I THOUGHT I could handle it. I was wrong.
The steely resolve I had built up in my head when I carried my beautiful, but ailing, 19-year-old labrador-cross dog, Belle, into the surgery at the Byron Bay Veterinary Clinic on Tuesday of last week cracked as the vet, Rowen Trevor-Jones, began the final process that would put her to sleep forever.
With my wife, Pam, standing next to me crying and being comforted by one of the vet’s assistants, Nicole Bryant, I bolted through the door to the waiting room blubbering something along the lines of “I can’t do this”.
I’m not too sure whether it was because I didn’t want to face the fact that this really was the end for Belle, or whether in the back of my mind I didn’t want to humiliate myself in front of the vet and Nicole.
But as it turned out, I could do it. I wanted to do it. A quick U-turn and with a quivering jaw, misty eyes and trying to hold it all together, I was back in the surgery for Belle’s final seconds.
It was all very quick and our wonderful dog was at peace.
Pam and I stood for a minute or so – it could have been shorter or longer, I don’t know – patting her still warm body. We said our final goodbye to her and left the room.
Despite the turmoil in our heads, we thanked the vet and Nicole for their caring support and made arrangements to have Belle cremated and have her ashes returned to us.
Leaving the vet’s, we went to the car parked out in the street where we sat for some minutes emotionally drained, trying to come to terms with what had just happened.
We would never see Belle again.
The little black pup born to a pedigreed golden retriever and fathered by an unknown black dog from across the paddock at Coraki, she was the runt of the litter, but the one chosen by our son Heath when he was 12 or thereabouts, all those years ago.
From then until last week, like all good dogs, she was part of the family. Nothing was ever planned in our house without taking the dog into account.
She gave us joy, laughter, drama and heartaches in varying measures, but at the end of the day she was our dog and we loved her.
Now all three of us are grieving. Pam and I here and Heath in Sydney. His pain is as raw as ours.
Even as I punch in these words at my computer in the office three days later, I’m battling to control my emotions as I picture her in my mind, or turn to a photo on the wall next to my desk of a young Belle with Heath sitting on the banks of the Brunswick River years ago.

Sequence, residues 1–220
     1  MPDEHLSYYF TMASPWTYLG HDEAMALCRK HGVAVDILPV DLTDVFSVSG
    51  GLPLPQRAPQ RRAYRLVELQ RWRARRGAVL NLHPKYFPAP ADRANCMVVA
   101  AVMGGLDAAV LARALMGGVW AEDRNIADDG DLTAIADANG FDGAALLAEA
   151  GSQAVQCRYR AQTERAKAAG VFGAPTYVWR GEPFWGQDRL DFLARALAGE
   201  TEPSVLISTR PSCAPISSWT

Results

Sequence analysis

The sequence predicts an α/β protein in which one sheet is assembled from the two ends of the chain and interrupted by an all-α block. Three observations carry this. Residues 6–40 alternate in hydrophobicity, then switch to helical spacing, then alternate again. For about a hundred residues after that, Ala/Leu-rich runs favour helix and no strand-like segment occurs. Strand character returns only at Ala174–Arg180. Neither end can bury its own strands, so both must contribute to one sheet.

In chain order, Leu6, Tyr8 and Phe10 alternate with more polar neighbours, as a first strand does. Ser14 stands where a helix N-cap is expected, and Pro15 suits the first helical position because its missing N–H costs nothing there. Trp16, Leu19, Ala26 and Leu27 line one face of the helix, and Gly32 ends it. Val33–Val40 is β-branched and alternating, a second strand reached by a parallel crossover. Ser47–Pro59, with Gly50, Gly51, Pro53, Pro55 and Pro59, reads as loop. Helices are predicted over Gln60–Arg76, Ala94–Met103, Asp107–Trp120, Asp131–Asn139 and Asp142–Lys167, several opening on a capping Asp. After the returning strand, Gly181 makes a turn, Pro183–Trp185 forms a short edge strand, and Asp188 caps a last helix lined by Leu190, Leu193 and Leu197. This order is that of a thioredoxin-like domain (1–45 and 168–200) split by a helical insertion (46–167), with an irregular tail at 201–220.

At home, there is nowhere that doesn’t throw up a reminder of her. Pam and I still open the front door and expect to see her on the mat where she used to sleep, or in her favourite sheltered spot in the front garden hedge.
Believe it or not, we even spoke about selling the house to “escape” the grief. All this for a dog? Yep, for a dog.
Deep grief for the loss of a loved pet is not unusual or abnormal, according to respected Byron Shire death consultant and celebrant Zenith Virago.
Ms Virago, founding director of the non-profit Natural Death Centre, Australia, said she understood the grief felt by people who had lost a pet and it should not be underestimated.
“If you have shared your love with someone or a pet in a long-term relationship, you have the loss of the living creature and all those shared memories,” she said.
Ms Virago said the initial intense feelings of loss would change over time, with the grief eventually transforming back to love.
She said sometimes it could help to have a “little” burial ceremony.
Google “pets, death, grief” and you will be amazed at the number of sites devoted to the subject.
One site offers 10 tips to help cope with the loss of a pet, and another says it is not unusual for some people to grieve more over the loss of a pet than a loved one.
A pet loss grief support website invites people to go online to join in a candle ceremony held around the world every Monday.
We won’t be going that far. We know the pain will subside in time, but we also know the memories of Belle will live with us forever.
Her ashes are with us now and when the time is right, we will scatter some of them on the beach at Suffolk Park where, for almost nine years when we lived close by, she called it her own.
FOOTNOTE: Belle was cremated at Cedardale Park Pet Crematorium at Georgica run by Andrew Pittaway. He can be contacted on 66888304.
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